Charlie Veron, the first full-time researcher on the Great Barrier Reef (1972) and the first scientist employed by the Australian Institute of Marine Science (1974), often known as the ‘Godfather of Coral’ having participated in 67 expeditions to all the major reef provinces in the world, having written more than 100 scientific papers on reefs plus seven books, including the three-volume Corals of the World, has since 2008 together with a number of colleagues been producing an open access website about coral taxonomy, bio-geography and identification – Corals of The World. The site is used by more than 20,000 researchers and scientists across the world, and the information it provides has helped shape crucial conservation decisions for places like the Great Barrier Reef.
So now we hear the database could be in jeopardy due to a lack of funding. Veron doesn’t expect to get any of the $500 million.
Problem is he knows what he is talking about and is prone to speak honestly. Unlike the chief of the CSIRO, as Will Steffen from the Climate Council reports in CSIRO chief ignores scientific evidence of climate change as biggest threat to reef.
- Marshall claims that poor water quality was the main reason for the recent devastating and unprecedented bleaching of the Great Barrier Reef in 2016 and 2017.
- Marshall claims that reefs will recover in two years.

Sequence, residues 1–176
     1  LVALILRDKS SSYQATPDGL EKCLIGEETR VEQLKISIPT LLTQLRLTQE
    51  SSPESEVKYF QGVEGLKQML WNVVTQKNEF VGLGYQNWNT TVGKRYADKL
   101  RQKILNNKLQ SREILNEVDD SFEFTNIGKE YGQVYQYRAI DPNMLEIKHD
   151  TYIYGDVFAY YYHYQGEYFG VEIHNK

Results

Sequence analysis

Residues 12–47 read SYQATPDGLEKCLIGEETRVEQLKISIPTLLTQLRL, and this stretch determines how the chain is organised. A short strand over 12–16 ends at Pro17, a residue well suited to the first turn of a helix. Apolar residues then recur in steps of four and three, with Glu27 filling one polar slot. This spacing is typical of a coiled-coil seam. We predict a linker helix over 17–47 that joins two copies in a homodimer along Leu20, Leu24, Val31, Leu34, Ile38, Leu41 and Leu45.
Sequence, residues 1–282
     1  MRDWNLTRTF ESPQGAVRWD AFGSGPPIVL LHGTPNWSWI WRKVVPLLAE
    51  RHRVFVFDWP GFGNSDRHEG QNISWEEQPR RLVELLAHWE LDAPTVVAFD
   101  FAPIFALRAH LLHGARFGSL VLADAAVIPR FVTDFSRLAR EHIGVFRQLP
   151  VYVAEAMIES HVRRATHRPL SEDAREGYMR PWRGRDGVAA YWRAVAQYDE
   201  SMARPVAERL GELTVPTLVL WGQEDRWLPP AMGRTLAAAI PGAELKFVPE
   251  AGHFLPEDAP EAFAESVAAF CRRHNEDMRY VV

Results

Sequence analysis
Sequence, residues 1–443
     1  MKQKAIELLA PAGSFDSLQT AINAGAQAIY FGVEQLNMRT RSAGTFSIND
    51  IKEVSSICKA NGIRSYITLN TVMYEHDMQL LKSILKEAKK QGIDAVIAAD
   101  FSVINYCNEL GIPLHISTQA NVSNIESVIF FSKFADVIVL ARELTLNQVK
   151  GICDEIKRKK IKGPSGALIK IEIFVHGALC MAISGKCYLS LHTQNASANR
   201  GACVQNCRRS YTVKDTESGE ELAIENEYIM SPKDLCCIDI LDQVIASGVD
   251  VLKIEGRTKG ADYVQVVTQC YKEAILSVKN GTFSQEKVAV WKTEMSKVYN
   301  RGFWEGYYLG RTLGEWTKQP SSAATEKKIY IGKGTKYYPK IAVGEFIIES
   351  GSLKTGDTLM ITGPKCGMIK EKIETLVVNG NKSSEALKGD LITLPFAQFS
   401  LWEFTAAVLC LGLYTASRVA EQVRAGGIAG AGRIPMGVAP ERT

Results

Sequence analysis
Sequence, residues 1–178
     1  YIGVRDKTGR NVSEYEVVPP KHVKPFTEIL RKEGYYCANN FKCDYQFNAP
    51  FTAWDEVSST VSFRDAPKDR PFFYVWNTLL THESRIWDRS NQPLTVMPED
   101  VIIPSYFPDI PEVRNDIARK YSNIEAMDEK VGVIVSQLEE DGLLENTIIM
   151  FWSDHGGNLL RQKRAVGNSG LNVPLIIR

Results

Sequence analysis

Wrong, and wrong!
Disgraceful, really. Steffen said:
Addressing water quality is just a bandaid solution that is only useful if we also tackle climate change, the root cause of coral bleaching. Yet Australia’s greenhouse gas pollution levels continue to rise (by 0.8% the past year) without credible federal climate policy in place.
For the record here’s the more detailed breakup of the funding:
- $201 million further improving water quality with changed farming practices such as reduced fertiliser use, and adopting new technologies and land management practices.
- $100 million harnessing the best science to implement reef restoration and funding science that supports Reef resilience and adaptation.
- $58 million expanding the fight against the coral-eating crown-of-thorns starfish.
- $45 million supporting other work, particularly increasing community engagement such as Indigenous traditional knowledge for sea country management, coastal clean-up days and awareness raising activities.
- $40 million enhancing Reef health monitoring and reporting to track progress and inform better management.
The funding will be distributed through the Great Barrier Reef Foundation which will seek extra corporate funding. The AFR ran an article Great Barrier Reef will recover from coral bleaching, says John Schubert.
Dr John Schubert, former head of the Business Council of Australia, actually said:
There is a lot of work to be done but I’m confident when the temperatures stop rising we can have a reef that can recover over time, but it will never be the same as 100 years ago.” (Emphasis added)
He did not say how much time would be required, which is just as well because no-one knows.
Ian Dunlop spells out the fiduciary duty of politicians and bureaucrats with respect to climate change. He suggests that if they fail there will be legal action.
Can’t come soon enough.